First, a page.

Urgent Care Centers are the fastest-growing segments of American health care. They have become an important link in the chain of healthcare delivery as they are hypothesized to be a solution for:

  • overcrowded ERs that have higher costs for non-emergent issues [1];

  • millions of newly insured Americans seeking care [2];

  • a new 24/7 concept of family medicine where the need of an appointment or rigid timetables are no longer an issue.

In fact US Family physicians spend a small but nontrivial proportion of their time doing Urgent Care [3] and Urgent Care Centers are in many ways similar to family medicine practices [4], albeit offering a more comprehensive suite of treatments (including X-ray and some analyses) as well as more flexible timetables.

For all these reasons, health systems and even private equity firms sensed the business potentials and have started to invest heavily [5] in this space.

Urgent Care Centers are mainly structured around family physicians (more rarely on emergency or internal medicine doctors) supported by a team of physician assistants and nurses. Physical therapists, Pediatrics and Pharmacists complete the list (see Figure below).

Urgent Care Centers have grown by 78% between 2011 and 2016, while the staff increased by 40% in the same time range, with a 9.4% of them having multiple licenses. The average staff members’ age is 48 years, while the gender composition is 46.63% male versus 53.37% female. An Urgent Care physician had in 2010 a median compensation range of $170.000 to $179.000 a year [6].

Overall, Urgent Care Centers represent fresh job opportunities and a new set of practice choices in an increasingly high demand occupation. With a projected deficit of more than 45,000 primary care physicians by 2020 [7], Healthcare institutions are going to have to work hard to retain their clinicians and keep them engaged.

Urgent Care Centers also represent a more efficient way to contain medical expenses. According to a 2010 study published in Health Affairs [8], $4.4 billion in health costs could have been cut if only 14 to 27% of the patients that visited an Emergency Department had visited a Urgent Care Center instead. This is due to the fact that ER rooms, equipped to handle life-threatening situations, are much more expensive than rooms in Urgent Care Centers. However, many people are not aware of these cost differences – the tab for a typical ER visit typically runs three times higher than an urgent care visit [9]. Not to mention those who are not even aware Urgent Care is an option at all. We are not implying causality here, but it is interesting to note that in 2009 there was a strong inverse correlation between the presence of Urgent Care Centers and Personal Health Care Spending Per Capita: as the number of facilities increased, the average expenses per capita decreased (elaboration based on population data from [10] and expenses data from [11]):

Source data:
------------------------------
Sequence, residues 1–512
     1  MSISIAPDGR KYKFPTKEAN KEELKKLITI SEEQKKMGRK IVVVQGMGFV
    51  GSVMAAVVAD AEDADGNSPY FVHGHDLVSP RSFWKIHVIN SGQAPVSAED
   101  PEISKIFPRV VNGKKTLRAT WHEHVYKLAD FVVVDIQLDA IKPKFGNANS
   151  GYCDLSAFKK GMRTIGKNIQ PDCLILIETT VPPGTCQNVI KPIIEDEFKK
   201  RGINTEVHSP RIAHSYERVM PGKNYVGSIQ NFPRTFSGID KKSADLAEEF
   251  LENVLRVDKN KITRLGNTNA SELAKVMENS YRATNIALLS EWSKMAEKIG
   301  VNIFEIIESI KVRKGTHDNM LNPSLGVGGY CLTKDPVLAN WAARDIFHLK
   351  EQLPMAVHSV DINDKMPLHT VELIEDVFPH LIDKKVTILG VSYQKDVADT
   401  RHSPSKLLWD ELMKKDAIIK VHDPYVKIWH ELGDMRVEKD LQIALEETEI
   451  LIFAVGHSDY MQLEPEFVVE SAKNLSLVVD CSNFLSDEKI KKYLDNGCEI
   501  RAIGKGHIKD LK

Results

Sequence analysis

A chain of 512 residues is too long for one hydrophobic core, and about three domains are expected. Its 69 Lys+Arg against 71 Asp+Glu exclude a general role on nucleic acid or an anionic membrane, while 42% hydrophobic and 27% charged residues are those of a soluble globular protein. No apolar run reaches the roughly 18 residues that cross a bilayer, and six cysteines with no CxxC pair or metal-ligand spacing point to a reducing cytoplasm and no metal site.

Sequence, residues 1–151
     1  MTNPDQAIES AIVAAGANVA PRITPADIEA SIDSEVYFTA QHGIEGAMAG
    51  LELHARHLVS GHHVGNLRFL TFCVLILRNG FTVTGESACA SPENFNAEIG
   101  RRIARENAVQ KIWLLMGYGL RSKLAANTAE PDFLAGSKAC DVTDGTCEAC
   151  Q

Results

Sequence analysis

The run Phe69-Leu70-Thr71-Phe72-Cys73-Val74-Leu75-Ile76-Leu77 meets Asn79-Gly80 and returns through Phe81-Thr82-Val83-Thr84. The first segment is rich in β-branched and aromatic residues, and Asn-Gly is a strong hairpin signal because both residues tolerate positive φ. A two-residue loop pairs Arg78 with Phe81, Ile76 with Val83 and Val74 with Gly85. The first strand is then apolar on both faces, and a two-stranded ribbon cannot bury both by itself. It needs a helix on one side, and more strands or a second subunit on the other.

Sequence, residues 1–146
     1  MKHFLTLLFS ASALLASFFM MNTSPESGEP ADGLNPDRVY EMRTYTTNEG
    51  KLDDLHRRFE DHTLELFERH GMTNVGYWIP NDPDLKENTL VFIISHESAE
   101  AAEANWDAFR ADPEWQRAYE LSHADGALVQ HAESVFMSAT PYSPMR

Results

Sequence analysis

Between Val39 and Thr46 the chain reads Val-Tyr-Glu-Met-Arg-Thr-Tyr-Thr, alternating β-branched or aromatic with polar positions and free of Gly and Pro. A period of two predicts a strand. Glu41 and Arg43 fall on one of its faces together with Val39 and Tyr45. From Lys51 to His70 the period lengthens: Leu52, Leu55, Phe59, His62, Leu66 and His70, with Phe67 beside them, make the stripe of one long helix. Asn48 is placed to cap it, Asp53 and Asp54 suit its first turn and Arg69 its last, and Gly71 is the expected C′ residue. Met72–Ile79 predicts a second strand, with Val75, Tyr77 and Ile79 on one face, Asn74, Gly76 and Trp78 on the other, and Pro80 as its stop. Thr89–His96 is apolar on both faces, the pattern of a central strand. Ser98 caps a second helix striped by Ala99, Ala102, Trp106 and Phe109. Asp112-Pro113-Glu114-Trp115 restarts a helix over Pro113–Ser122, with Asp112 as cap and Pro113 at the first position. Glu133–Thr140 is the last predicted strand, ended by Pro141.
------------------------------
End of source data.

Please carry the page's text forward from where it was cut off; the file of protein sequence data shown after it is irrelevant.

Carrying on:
It is thus efficient, both for the Healthcare System and the consumer, to expand Urgent Care Centers availability: since 2009 the number of available Urgent Care Centers each 100,000 people has more than doubled, growing from 0.7 to 1.5 in 2016, as can be seen in the figure below:

It’s clear from the statistics that urgent care makes financial sense for the U.S. healthcare industry, but is the effort homogenous across the country? The data indicates that this is the case as we see a general trend, across all regions infact all the regions at least doubled the number of their centres between 2009 and 2016. South West, Mid East and New England regions did better than the others, as shown in the plot below:

As per a national ranking of the different regions, there is a general alignment on an average of 1.5 Urgent Care Centers each 100,000 people for South East, Rocky Mountains, Mid East, Far West, Great Lakes regions. South West, New England (by far) and South East regions are the top players in the ranking, and they look like the regions where job demand for Urgent Care will be very high. Mid East and Plains regions close the ranking in the lower positions with respectively an average of 1.34 and 1.07 Urgent Care Centers avaiable each 100,000 people. While these regions occupies the lower positions, in the last 5 years they both increased their offer more than better ranked regions. It is thus reasonable to expect high demand for Urgent Care staff also from Mid East and Plains:

So have we reached a saturation point? Or should we expect to see the growth of urgent care centres to continue well into the future. Indications are that we are still on the accelerated growth curve, with established health systems and even integrated insurer providers moving into this space [12]. With the promise of telemedicine still low on the adoption curve and the pressures of population health management decisions, Urgent Care looks to remain the answer.

This article was written by Simone Gabbriellini, Co-founder and Chief Analytics Officer of DocDelta.

DocDelta is a healthcare technology company based in New York. DocDelta has developed new technology that makes it really easy for healthcare managers to hire and retain the best nurses and doctors, currently increasing hiring/retention efficiency by 50%.

Our sourcing and flight risk analytics tools give healthcare administrators the edge in hiring and retaining the very best nurses and physicians.


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